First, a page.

A photography workshop for the food lover .
Mark Floro is one of, if not the most sought after food photographer in the Philippines. It’s his photos you see on those Chow King and Jollibee billboards along EDSA, and those are just two of his many big-name clients. He’s also a faculty member at the Philippine Center for Creative Imaging (PCCI), and his outstanding portfolio can be viewed on his website.
But when I met Mark in 2008, I didn’t know any of this. I knew he was a photographer yes, but I had no idea how accomplished he was. I’d given him my business card and I recall shyly saying, “Um, my photos are nothing like yours, but maybe you can check out my website when you’ve got the time.” Ballsy, yes that’s me.
Mark and I checking out a shot.
Photo taken at The Room Upstairs.
Obviously, Mark must’ve seen something on Dessert Comes First because he got in touch with me and proposed that we take some pictures together. “I like your writing, now let’s fine-tune your photos,” he said. So for the past three years, we’ve been getting together when our schedules jibe – he comes to my house and I feed him lots of sweet things – (“Oh, so bad for me, but this is so good, Lor,” he’ll say) and in turn, he feeds me knowledge. I’m so lucky to have Mark as my mentor, and earlier this year, when a certain large chain restaurant bought the rights to one of my food photos, no one was happier than him. I hope that I continue to do him proud … but some restaurant lightings are a bit tricky.
This will be a hands-on and intensive photo workshop dealing specifically with food. The only assumption Mark will have is that participants must know how to operate their cameras (i.e. familiarity with its controls and functions). We all need to start from a common point so that the learning process at the workshop proceeds smoothly.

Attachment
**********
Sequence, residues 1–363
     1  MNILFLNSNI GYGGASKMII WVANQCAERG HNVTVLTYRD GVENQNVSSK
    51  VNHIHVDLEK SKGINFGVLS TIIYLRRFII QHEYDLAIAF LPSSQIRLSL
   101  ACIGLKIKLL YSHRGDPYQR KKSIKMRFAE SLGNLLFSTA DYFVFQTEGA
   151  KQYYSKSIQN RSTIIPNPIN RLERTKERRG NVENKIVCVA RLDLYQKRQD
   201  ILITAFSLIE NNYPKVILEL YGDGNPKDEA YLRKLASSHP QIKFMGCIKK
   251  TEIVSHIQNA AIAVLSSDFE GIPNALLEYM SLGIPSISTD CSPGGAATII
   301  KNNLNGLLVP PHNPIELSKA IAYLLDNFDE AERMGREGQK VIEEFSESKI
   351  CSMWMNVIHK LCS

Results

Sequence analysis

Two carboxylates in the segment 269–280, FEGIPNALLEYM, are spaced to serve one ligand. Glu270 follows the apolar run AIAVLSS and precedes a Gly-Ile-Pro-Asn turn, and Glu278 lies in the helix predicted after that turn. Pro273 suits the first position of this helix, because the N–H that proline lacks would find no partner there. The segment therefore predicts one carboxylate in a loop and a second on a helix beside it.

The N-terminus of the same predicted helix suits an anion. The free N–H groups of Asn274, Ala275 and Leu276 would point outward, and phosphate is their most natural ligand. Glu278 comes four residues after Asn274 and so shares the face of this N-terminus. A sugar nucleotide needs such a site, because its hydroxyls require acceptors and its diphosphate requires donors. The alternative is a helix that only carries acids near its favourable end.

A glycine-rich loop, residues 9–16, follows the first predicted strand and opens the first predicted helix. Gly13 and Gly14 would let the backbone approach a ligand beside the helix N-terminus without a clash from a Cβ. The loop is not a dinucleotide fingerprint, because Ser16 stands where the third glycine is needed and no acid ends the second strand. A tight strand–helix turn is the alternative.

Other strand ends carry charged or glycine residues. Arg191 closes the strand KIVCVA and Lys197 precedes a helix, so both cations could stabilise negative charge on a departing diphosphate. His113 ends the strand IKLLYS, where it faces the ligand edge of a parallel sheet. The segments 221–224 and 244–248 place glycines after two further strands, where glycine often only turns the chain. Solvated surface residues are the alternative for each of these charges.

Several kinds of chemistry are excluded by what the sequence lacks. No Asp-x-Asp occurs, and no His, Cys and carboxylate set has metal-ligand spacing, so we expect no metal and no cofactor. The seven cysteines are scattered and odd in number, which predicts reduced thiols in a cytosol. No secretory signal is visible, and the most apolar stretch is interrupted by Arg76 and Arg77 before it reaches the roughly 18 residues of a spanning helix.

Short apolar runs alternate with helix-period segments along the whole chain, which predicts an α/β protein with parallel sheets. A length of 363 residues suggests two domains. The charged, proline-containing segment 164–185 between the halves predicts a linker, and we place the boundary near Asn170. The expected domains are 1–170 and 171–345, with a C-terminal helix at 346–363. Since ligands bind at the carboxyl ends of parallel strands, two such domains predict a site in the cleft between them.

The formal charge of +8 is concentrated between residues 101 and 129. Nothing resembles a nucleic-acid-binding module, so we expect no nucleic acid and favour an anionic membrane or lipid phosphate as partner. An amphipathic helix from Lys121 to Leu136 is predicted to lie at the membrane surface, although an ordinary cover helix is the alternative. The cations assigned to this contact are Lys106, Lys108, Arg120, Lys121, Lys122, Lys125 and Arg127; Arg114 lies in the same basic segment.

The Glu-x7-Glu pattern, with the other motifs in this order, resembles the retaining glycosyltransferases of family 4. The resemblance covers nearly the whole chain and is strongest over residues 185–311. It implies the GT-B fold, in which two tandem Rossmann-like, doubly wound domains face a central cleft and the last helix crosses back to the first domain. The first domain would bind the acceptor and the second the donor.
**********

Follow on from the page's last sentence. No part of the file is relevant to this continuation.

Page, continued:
Here’s what we’ll cover:
- A brief talk by me on the food photography aspect of food blogging.
- Mark’s PowerPoint presentation on food photography: or, how to make food look oh-so-good, and explaining the difference between professional food photography and photography for food blogging.
- An advanced primer on exposure, settings, and lighting techniques (because photography is nothing without good lighting).
This photo workshop is sponsored by the great people at Canon who are lending us some drool-worthy camera models to play with. These include the:
- EOS 1100D
- EOS 600D
- EOS 60D
- EOS 7D
- PowerShot G12
- PowerShot S95
- Digital IXUS 310 HS
Here’s the hands-on part of the workshop:
Mark is nothing if not attentive to detail and when he teaches, he’s like a hawk. The workshop will consist of several shooting exercises, the results of which will be projected onto a screen and which Mark will critique.
Here’s what participants are encouraged to bring (aside from their camera, of course):
Your photography paraphernalia:
- tripod, laptop, memory card, spare battery, and sundry food items you’ve always had difficulty shooting and/or just want to (learn how to) shoot (brown food, sandwiches, killer cupcake [which you know I’m going to steal from you ] etc.).
- Bad shots you’ve taken in the past that you want Mark to critique (.jpg format) on a USB or CD. (I’m going to show my first-ever photo that I posted on DCF, a shot so hideous it makes me want to hide).
We’re also awarding prizes for the three best photos shot during the workshop proper. Here are the prizes courtesy of Canon:
- (3rd prize) Canon-Penshoppe sling bag (please see attached photo)
- (2nd prize)320GB Western Digital Elements Portable Hard Drive
- (1st prize) 2GB iPod Shuffle – 4th Gen
The trademark of all my DCF events is plenty of food -no one leaves my events hungry. The lunch at the workshop is being catered by no less than Chef Ed Quimson and merienda and great coffee will be provided by Ari and Pinky Peralta of The Room Upstairs.
Here’s how to get a ticket:
The workshop will be conducted at Fully Booked’s The Forum, a functional room with plenty of natural light, something Mark is a proponent of when it comes to food photography. It’s a small room and this is a hands-on workshop so we’re limiting this event to:
20 participants ONLY.
Workshop fee is P1,500/per person. (A steal if you’re aware of how much a photo workshop really costs).
Up to 2 tickets per person only.
Proxies may be sent but all tickets must be paid for on August 20, 2011.
Once registration and payment(s) have been made, ticket-buyer will be issued a ticket with a control number that must be presented, along with a picture ID on September 10, 2011, the day of the workshop.
Me and my friend and mentor, Mark Floro. See you at the workshop!
Photo taken at The Room Upstairs.
If you have questions, please stick them below in the Comments form and I will reply right away.
Thanks everyone, and see you at the workshop!
*All food photos in this post are by Mark Floro Photography.